Note the differences of opinion about temperatures and whether or not to quench.

  7. #7
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    Quote Originally Posted by cncnitro View Post
    My boss is a fabricator by trade and he swear by this: heat your part with acetylene gas only and when the soot begin to stick to the aluminum, remove heat, and bend. Be careful not to overheat and melt your part.
    Yeah well I think you skipped a couple of steps. After you deposit soot you're supposed to heat the piece until the soot is consumed and then cool it before bending:

    Aluminum Bending Tip
    Annealing Aluminum [PDF]

    In any case I tried this and it would not budge in the HF bender so my next attempt will be to bend it between two pieces of iron pipe in a vise.

  8. #8
    Moderator HuFlungDung's Avatar
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    First you get good, then you get fast. Then grouchiness sets in.

    (Note: The opinions expressed in this post are my own and are not necessarily those of CNCzone and its management)

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    Conclusion and summary

    OK, here's the conclusion to this thread.

    As I already mentioned, I tried the soot deposit/burn-off annealing method as described in the two sources above. The PDF seems most authoritative. I then tried bending the 3/8" rod between two short pieces of 3/4" galvanized pipe held tight in a vise (I had to use a hammer to tighten the vise). First I annealed the 45 deg angle section and then bent it after air cooling. I then repeated this with the 90 deg section. Pic below:



    I then re-annealed the bends for good measure in an attempt to relieve strain which, from what I have read, can cause the bends to become distorted later on.

    Some notes here. Although this method shows up frequently on the net, and is probably standard procedure in weld shops, this is not by any stretch true annealing. Annealing requires heating the material to the proper temperature and holding it there for hours, then slowly cooling it by degrees in an oven or heated solutions. Often a cold quench is done when a certain safe temperature is reached. Then all stress and strain is removed. This simplified annealing method will soften tempered aluminum enough to bend it without cracking but it is not good enough for critical uses where the probably weakened material could break under stress or distort at a later date. For my purposes this doesn't matter but for some uses this would be a safety concern. Caution is advised.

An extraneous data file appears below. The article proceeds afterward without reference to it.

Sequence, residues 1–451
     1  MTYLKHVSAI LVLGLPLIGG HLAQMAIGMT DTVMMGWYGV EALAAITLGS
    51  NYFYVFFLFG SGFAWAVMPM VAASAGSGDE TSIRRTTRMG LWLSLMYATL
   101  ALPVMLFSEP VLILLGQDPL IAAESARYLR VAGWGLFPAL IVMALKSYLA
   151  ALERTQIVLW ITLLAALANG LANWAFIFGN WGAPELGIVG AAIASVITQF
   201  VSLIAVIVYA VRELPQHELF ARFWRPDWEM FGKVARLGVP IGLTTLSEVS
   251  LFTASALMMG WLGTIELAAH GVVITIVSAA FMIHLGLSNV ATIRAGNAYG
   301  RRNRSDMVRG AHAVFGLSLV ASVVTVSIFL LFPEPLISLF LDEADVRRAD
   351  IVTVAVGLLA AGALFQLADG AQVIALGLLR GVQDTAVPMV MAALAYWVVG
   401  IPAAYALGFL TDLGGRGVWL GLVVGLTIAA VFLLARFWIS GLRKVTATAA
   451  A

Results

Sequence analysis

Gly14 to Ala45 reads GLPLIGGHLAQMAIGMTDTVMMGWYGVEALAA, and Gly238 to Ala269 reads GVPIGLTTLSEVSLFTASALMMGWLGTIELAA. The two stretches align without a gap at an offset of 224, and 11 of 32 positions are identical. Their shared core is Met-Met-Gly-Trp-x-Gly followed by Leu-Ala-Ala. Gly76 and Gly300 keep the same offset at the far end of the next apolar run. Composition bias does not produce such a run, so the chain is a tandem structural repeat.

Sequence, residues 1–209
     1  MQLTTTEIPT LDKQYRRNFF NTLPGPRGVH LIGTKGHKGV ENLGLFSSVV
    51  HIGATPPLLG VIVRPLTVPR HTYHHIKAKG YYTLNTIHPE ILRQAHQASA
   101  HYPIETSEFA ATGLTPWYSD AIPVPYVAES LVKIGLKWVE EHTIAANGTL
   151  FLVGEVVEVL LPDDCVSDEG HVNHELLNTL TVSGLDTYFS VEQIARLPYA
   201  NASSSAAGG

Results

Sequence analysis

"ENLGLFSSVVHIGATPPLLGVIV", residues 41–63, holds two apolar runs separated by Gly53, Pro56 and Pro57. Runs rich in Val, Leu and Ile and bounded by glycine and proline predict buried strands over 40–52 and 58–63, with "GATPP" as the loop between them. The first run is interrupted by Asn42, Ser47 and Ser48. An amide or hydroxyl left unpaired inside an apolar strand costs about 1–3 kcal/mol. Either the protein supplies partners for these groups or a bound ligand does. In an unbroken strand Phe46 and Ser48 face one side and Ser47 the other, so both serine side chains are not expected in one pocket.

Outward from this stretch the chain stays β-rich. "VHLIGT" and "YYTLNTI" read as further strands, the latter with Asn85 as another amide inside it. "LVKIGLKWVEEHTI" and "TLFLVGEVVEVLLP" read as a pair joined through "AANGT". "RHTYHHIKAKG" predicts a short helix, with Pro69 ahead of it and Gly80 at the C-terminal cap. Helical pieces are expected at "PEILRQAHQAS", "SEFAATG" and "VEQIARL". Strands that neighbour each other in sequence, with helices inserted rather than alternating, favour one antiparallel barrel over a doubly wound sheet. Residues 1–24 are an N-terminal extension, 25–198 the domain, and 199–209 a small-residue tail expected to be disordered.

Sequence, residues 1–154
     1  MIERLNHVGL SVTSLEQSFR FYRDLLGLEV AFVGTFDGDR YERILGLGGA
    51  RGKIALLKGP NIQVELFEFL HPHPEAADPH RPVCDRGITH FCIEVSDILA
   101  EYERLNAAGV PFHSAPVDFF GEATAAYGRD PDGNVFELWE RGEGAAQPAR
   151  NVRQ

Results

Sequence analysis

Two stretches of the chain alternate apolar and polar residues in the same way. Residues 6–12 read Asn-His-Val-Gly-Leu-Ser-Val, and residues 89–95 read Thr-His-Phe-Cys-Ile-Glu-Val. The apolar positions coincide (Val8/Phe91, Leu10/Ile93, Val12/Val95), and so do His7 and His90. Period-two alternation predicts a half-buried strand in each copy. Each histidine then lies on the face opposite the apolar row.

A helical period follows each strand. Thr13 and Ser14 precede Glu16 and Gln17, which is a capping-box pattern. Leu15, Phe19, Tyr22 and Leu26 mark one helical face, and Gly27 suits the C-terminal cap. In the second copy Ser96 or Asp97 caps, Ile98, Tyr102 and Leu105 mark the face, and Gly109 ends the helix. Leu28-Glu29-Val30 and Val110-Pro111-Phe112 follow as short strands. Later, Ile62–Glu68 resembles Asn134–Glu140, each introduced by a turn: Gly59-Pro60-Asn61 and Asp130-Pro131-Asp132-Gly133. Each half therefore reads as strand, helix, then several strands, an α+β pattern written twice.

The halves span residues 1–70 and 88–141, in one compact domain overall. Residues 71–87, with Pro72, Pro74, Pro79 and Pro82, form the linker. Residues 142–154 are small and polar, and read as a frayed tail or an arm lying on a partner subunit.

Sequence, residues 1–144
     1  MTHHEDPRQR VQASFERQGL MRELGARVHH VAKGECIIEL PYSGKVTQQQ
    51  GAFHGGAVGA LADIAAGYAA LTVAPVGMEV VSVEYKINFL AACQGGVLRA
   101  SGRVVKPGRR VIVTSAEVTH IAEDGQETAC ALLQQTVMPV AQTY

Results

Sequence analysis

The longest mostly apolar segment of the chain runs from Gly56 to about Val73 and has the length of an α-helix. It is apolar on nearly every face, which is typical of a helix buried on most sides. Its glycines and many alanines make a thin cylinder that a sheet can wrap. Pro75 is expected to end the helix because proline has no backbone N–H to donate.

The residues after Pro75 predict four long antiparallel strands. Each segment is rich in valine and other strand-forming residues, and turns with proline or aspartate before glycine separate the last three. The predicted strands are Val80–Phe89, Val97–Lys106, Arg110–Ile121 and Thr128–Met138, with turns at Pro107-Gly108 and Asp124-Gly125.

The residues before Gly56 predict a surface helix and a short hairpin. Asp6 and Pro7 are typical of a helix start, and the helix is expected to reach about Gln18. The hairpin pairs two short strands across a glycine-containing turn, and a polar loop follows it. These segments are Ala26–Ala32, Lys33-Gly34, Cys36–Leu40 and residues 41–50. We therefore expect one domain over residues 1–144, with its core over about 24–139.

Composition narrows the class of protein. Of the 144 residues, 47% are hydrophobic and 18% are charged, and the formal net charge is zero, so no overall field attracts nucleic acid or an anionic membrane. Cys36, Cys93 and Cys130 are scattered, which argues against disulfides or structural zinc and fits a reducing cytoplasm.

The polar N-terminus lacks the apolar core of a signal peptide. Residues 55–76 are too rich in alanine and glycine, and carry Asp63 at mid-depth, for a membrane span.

Finally, I did get a response from The Hillman Group, which supplies this rod stock to Lowes: "This is made from 6063 aluminum with a T5 temper."

    "6063-T5 has an ultimate tensile strength of at least 22,000 psi (152 MPa) in thicknesses up to 0.5-inch (13 mm), and 21,000 psi (145 MPa) from 0.5 to 1.0-inch (25 mm) thick, and yield strength of at least 16,000 psi (110 MPa) up to 0.5-inch (13 mm) and 15,000 psi (103 MPa) (from 0.5 to 1.0-inch (25 mm). It has elongation of 8%."

    I hope someone else finds this information useful.

  10. #10
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    I think you needs to anneal it before bending. But make sure you confirm it from lowes employees. Now all Lowes employees are using MyLowesLife portal to get all the benefits.Login to it from myloweslife.com
    Last edited by jereiniw; 07-26-2019 at 06:25 AM. Reason: To make it better

  11. #11
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    With extremely constrained involvement with shaping aluminum, I would state that you need to twist it while it is cold. Bowing it when hot will ordinarily split it (attempt it!)Login now for knowing the location and schedules of the employees. We can expect the quality of the item because it is from lowes. They consider the benefits of employees, so they created myloweslife login for getting extra benefits.